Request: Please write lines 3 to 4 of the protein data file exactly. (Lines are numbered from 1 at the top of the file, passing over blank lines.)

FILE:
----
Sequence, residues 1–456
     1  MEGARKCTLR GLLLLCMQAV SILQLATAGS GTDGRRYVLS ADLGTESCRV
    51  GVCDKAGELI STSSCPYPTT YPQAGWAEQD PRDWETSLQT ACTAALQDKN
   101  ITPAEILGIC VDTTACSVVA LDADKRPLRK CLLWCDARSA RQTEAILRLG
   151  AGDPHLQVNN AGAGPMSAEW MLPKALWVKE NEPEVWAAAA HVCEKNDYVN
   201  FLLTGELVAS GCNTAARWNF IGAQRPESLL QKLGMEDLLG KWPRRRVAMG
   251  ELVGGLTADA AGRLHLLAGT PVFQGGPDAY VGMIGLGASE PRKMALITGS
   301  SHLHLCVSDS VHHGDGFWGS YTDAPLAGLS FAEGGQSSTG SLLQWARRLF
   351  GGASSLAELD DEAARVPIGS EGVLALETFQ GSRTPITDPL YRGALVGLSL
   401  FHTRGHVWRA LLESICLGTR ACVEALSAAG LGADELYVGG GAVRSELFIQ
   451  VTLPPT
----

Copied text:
    51  GVCDKAGELI STSSCPYPTT YPQAGWAEQD PRDWETSLQT ACTAALQDKN
   101  ITPAEILGIC VDTTACSVVA LDADKRPLRK CLLWCDARSA RQTEAILRLG